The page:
After nearly 15 years in business, Camas Antiques, a keystone in downtown Camas’ vaunted revitalization story, has suddenly found itself in need of a new home.
Owner JoAnn Taylor said she realized she had “given up some of her options” after selling the historic, 15,000-square-foot C.E. Farrell building in 2015 to Christopher and Anne Marie Oldham, of Encinitas, California, but didn’t think she would have to give up Camas Antiques, the business she built from scratch at a time when downtown Camas was still dreaming of becoming a destination shopping area.
This summer, Taylor found out that the Oldhams were not renewing her lease.
“My lease was up in June and the building owners extended my lease to Jan. 31 (2019), to let me stay through the holidays, which I appreciate,” Taylor said.
The Oldhams have indicated, however, that Camas Antiques’ multiple antique vendors will not have to vacate the building.
“I am assuming they will have a similar store as mine,” Taylor said. “My vendors will receive (information) on the new store in November, and will not have to move out.”
Taylor said she is seeking another location within the city of Camas and hopes to relocate Camas Antiques. If she is able to find another building, Taylor hopes many of her vendors will follow.
“My staff, my vendors and I have worked very hard to develop a store that I am extremely proud of,” Taylor said. “I have been so lucky to have incredible support from the community and that is so appreciated.”
Carrie Schulstad, executive director of the Downtown Camas Association (DCA), said Taylor’s business was instrumental in revitalizing the city’s downtown and said it would be “unfortunate on many levels” for the city to lose Camas Antiques.
“They are a key anchor business and have been since they opened in 2004,” Schulstad said. “JoAnn and Camas Antiques have been exceedingly supportive of downtown revitalization efforts and the DCA, including participating in every single First Friday event since May of 2005, sponsoring the Camas Poker Tour First Friday for the last 13 years, donating to every event, donating multiple times to the DCA through the B&O tax incentive program, serving on our DCA Board in our earlier years, consistently hosting and marketing multiple store events that bring thousands of people to downtown each year, creating amazing store window displays and being advocates for other businesses by doing joint events, initiatives and referrals.”
Schulstad said DCA leaders hope Taylor will be able to keep Camas Antiques going, even after she leaves the Farrell building at 305 N.E. Fourth Ave., in the heart of Camas’ downtown core.
“This is a beloved business in our downtown,” Schulstad said. “We want to have the quality of vendors, window displays, store appearance, camaraderie, events, town support and products that have helped our town grow and set the standard for what a downtown business in a Main Street town should be like. We are most hopeful that Camas Antiques can continue in our downtown.”
Family had vision of ‘turning Camas around’
When Taylor and her four brothers purchased the C.E. Farrell building in 2004, they could envision what downtown Camas might become.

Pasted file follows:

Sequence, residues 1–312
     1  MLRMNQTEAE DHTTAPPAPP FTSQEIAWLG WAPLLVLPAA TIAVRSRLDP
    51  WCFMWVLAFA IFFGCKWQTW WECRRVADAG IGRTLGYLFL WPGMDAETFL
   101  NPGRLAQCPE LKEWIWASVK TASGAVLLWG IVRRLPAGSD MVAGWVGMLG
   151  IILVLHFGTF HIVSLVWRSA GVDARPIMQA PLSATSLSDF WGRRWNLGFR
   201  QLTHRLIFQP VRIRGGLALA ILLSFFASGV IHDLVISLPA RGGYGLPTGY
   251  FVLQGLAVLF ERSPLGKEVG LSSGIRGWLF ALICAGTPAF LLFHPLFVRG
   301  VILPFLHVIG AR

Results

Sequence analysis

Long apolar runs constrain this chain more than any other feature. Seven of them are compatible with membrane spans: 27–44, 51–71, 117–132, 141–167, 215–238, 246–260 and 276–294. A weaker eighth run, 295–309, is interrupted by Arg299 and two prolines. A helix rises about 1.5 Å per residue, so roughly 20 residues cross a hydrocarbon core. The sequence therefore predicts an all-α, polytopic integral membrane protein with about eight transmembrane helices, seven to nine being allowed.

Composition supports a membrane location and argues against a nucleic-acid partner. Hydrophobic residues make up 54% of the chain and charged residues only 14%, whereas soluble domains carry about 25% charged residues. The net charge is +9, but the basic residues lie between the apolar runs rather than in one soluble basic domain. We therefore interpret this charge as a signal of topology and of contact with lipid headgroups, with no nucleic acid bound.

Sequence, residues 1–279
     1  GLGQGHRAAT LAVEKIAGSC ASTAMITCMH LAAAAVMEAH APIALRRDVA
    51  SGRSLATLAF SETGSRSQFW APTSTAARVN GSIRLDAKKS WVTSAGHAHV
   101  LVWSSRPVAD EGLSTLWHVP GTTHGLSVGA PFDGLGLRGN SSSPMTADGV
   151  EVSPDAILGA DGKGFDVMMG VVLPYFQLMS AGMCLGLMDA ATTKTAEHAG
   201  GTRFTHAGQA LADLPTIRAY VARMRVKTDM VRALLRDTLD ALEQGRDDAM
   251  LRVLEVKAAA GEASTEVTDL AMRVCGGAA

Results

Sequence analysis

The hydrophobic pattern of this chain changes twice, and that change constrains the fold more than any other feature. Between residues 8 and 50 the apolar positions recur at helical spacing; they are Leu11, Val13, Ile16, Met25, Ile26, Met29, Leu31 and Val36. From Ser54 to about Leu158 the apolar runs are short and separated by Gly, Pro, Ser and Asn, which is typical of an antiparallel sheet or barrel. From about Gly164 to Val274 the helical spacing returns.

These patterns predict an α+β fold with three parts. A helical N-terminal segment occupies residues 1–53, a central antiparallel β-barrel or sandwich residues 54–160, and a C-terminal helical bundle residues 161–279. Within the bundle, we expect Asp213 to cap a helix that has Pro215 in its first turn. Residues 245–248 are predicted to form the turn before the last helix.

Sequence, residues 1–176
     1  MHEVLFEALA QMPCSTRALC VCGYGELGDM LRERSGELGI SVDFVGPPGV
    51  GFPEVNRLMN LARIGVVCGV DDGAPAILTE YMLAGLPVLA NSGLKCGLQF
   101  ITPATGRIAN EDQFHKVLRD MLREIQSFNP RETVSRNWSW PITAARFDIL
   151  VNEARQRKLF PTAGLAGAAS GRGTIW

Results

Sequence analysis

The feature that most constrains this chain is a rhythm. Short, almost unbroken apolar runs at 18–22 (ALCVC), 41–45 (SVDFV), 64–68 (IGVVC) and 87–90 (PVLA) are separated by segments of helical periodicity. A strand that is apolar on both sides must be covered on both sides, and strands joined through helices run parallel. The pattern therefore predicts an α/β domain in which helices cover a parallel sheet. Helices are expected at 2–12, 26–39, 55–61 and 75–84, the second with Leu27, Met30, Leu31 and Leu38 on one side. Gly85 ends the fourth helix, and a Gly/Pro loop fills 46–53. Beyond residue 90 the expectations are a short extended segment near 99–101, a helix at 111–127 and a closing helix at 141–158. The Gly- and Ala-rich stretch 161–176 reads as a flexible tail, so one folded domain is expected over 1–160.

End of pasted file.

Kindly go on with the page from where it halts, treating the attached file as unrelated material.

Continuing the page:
“The Farrell building was a family project,” Taylor said. “I love old buildings and was so taken with downtown Camas. The building has amazing windows, along with a great location.”
The building, which had been vacant since the 70-year-old Farrell & Eddy clothing and shoe store closed in 1998, needed some love.
“They did a quality renovation of this entire historic building — all three floors — listing it on the county and national historic registers, and brought it back to life,” Schulstad said of Taylor and her brothers’ renovation work.
The family also renovated the eight apartments located above the retail space, which had been vacant for 30 years when they bought the building, decking them out with brass Murphy beds, Hoosier cabinets, hardwood floors, 9-foot ceilings, claw-foot tubs, air conditioning and high-speed internet.
Lon Combs, one of Taylor’s four brothers, said in 2004 that he had a vision of transforming downtown Camas into a destination location for antique enthusiasts.
“Our hope is to be part of turning Camas around,” Combs told The Post-Record in March 2004. “It’s a neat town, but the people are not there yet. We’re hoping to draw the people. We’ll do our best.”
The family’s vision extended far beyond Camas. After just a few years in business, Camas Antiques was earning mentions in national magazines such as Country Living and the American Automobile Association (AAA)’s Your AAA Magazine. In 2011, the national Flea Market Style magazine listed Camas Antiques as one of the top 80 antique malls in the United States.
Taylor said she was “surprised and delighted” after the 2011 Flea Market Style praise, and told The Post-Record people had come to downtown Camas after reading about her shop in the magazine.
Taylor had rented spaces in other Portland-Vancouver area antique malls and been a sales representative in the gift industry when she and her brothers bought the Farrell building.
“I wanted to try it myself,” she said of owning and running a successful antique mall. “I wanted to use the knowledge I acquired from selling to retail stores. I didn’t want to have antiques.”
What emerged was a shop filled with antiques and vintage items as well as newer gift and home-garden items.
“I like the diversity of the product that we carry. In a smaller community, you try to have something for everyone,” Taylor said. “I built a store that I would love to shop at, and I am grateful for the community that has supported me.”
As of this paper’s print deadline, The Post-Record was unable to contact the new Farrell building owners, Christopher and Anne Marie Oldham.